If the trenches 30 were located at the lowest spot in the road 12, the floats 52, 90, 116 would act too early and the barricade elements 18, 74 would rise when the water level reached the lowest spot in the road. Thus, the trenches 30, 84 are located above the lowest spot in the road 12 by a distance sufficient to raise the barricade elements 18, 74 at a time when water rises a dangerous distance above the lowest spot in the road 12.

Referring to FIGS. 7 and 8, there is illustrated another embodiment 120 of this invention comprising a concrete lined trench 122 extending across the road 124 at or adjacent the low water crossing 126. A grate 128 covers the trench 122 and provides slots transverse to the direction of vehicle travel for allowing a barricade element 130 to move between a generally horizontal stowed position in the trench 122 and an upright position blocking traffic along the road. The barricade element 130 is conveniently pivoted by a pin 132.

A sensor 134 is located to sense rising water in the crossing 126 and is equipped with a suitable communication link (not shown), such as a wire, radio link or the like, to energize a mechanism 136 to raise the barricade element 130 in response to rising water. Preferably, the sensor 134 is located in the trench 122 or in such close proximity to the trench 122 that the barricade elements 130 are not raised until dangerous conditions are more-or-less imminent. As used herein, the term adjacent the trench means inside or in close proximity to the trench.

The mechanism 136 may be of any suitable type, such as an electric hydraulic motor driven by a suitable power source, such as a connection to the power grid, a solar panel or the like. The mechanism 136 is connected in any suitable manner to the barricade element 130, such as by a drive connection 138 connected to a link 140 rigid with the barricade element 130. It will accordingly be seen that energizing the motor 136 rotates the barricade element 130 for an arc sufficient to raise the barricade element 130 upwardly out of the trench 122 into a traffic blocking position.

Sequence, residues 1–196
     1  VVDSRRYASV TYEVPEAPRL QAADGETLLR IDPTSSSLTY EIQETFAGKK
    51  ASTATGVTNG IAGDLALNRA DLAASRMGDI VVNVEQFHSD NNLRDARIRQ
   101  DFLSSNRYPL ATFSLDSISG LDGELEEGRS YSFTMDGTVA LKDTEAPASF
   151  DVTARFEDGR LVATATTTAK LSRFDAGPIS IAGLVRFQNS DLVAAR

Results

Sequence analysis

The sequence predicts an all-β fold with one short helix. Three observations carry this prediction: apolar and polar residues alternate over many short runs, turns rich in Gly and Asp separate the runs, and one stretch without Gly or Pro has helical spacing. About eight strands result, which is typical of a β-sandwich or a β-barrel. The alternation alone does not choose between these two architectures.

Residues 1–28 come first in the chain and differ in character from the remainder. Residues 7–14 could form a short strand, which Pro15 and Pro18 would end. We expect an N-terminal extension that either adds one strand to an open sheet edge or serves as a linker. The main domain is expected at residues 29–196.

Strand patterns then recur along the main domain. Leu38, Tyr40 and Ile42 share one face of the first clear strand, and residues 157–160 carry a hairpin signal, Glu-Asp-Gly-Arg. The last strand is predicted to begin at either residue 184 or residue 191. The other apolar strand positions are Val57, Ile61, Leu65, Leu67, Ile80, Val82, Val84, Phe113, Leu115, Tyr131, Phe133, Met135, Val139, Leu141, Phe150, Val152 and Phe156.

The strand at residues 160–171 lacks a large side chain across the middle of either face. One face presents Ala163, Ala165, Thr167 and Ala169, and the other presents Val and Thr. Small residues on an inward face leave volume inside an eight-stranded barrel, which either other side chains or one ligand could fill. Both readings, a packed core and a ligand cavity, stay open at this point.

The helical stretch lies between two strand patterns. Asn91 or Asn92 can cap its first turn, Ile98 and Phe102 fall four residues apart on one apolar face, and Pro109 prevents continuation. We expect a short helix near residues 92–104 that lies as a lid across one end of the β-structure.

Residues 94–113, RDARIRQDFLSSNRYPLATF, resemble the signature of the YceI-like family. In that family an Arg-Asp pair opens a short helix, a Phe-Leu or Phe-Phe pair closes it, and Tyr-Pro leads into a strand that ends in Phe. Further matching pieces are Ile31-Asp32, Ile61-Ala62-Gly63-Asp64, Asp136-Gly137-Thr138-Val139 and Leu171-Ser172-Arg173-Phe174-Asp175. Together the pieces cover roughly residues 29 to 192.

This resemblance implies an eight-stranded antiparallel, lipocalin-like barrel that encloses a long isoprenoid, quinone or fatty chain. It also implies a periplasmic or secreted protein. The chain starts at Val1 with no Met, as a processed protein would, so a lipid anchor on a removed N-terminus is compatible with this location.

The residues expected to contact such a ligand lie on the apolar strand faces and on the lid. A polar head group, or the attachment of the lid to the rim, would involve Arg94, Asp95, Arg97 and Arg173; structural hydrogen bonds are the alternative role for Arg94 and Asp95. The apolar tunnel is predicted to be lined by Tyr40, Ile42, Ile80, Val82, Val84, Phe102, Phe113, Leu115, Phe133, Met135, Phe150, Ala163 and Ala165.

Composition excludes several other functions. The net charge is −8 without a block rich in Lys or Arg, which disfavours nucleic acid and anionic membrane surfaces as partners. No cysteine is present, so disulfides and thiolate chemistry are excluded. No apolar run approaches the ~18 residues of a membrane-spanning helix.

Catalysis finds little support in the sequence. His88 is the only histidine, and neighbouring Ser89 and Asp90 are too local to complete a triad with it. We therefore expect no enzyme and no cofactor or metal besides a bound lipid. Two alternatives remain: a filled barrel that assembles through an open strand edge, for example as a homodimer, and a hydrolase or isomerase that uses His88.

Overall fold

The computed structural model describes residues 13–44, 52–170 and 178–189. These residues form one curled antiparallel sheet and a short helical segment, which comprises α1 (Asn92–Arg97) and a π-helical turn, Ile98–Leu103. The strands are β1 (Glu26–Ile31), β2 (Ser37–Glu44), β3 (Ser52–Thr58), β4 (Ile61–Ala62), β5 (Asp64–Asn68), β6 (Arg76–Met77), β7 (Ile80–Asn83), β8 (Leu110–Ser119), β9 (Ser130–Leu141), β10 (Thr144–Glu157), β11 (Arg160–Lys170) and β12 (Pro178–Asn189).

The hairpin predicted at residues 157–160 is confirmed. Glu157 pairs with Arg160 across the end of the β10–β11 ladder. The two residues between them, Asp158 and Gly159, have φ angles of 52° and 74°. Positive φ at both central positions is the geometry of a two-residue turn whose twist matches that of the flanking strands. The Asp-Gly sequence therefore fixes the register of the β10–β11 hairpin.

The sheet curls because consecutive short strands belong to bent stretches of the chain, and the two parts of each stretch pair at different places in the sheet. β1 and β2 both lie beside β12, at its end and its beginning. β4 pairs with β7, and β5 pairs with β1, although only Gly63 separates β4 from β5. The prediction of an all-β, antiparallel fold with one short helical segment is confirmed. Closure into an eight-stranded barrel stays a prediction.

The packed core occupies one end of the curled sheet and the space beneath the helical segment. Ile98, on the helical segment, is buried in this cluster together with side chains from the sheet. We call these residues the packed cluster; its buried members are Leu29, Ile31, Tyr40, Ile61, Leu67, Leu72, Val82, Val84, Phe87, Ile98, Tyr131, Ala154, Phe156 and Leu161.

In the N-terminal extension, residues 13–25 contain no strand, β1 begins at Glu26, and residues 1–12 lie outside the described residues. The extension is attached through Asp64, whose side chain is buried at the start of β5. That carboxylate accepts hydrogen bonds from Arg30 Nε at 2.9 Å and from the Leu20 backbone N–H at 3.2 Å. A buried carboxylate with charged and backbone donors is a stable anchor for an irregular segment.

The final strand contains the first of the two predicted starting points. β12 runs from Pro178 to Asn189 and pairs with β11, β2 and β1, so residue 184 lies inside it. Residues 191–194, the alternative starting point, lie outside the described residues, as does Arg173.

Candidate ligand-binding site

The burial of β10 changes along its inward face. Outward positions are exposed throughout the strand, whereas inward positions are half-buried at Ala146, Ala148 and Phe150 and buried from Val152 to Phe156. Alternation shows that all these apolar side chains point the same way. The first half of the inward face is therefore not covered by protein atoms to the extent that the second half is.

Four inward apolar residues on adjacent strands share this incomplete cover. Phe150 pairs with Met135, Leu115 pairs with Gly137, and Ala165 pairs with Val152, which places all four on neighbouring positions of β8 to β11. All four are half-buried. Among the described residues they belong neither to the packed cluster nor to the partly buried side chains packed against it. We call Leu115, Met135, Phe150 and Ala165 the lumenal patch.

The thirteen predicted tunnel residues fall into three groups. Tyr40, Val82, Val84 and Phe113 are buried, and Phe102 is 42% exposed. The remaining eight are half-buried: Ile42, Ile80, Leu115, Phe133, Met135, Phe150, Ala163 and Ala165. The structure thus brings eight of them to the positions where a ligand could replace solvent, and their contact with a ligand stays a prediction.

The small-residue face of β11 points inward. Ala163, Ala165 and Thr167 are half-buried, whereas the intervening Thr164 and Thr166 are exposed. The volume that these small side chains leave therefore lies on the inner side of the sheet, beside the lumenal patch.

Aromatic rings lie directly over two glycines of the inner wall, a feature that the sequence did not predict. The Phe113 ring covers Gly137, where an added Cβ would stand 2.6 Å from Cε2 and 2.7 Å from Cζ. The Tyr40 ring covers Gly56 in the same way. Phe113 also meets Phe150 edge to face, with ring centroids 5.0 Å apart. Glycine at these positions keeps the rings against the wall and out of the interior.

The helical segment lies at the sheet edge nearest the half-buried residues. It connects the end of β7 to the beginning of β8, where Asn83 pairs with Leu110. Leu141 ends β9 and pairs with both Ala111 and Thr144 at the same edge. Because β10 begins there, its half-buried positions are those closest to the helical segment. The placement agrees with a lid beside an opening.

It will be apparent that the principles of this invention are equally applicable to other road structures, such as bridges, which are occasionally inundated by flood water, although the details of construction may have to be modified to take into account the construction of bridges or other road structures.

Although this invention has been disclosed and described in its preferred forms with a certain degree of particularity, it is understood that the present disclosure of the preferred forms is only by way of example and that numerous changes in the details of operation and in the combination and arrangement of parts may be resorted to without departing from the spirit and scope of the invention as hereinafter claimed.

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Referenced by
Citing PatentFiling datePublication dateApplicantTitle
US8471716 *Nov 19, 2010Jun 25, 2013Michael HansenMethods and apparatuses for indicating the location of water flowing in a field
US20110121982 *Nov 19, 2010May 26, 2011Michael HansenMethods and apparatuses for indicating the location of water flowing in a field
US20130314254 *Aug 2, 2013Nov 28, 2013John D. NeffFlood-actuated roadblock barrier gate
Classifications
U.S. Classification404/6, 256/13, 49/49, 404/9, 49/131, 116/63.00R, 256/13.1, 116/228
International ClassificationE01F13/08, E01F13/04
Cooperative ClassificationE01F13/044
European ClassificationE01F13/04C
Legal Events
DateCodeEventDescription
Jun 24, 2014FPExpired due to failure to pay maintenance fee
Effective date: 20140502
May 2, 2014LAPSLapse for failure to pay maintenance fees
Dec 13, 2013REMIMaintenance fee reminder mailed
Apr 20, 2010FPAYFee payment
Year of fee payment: 4
Apr 20, 2010SULPSurcharge for late payment
Dec 7, 2009REMIMaintenance fee reminder mailed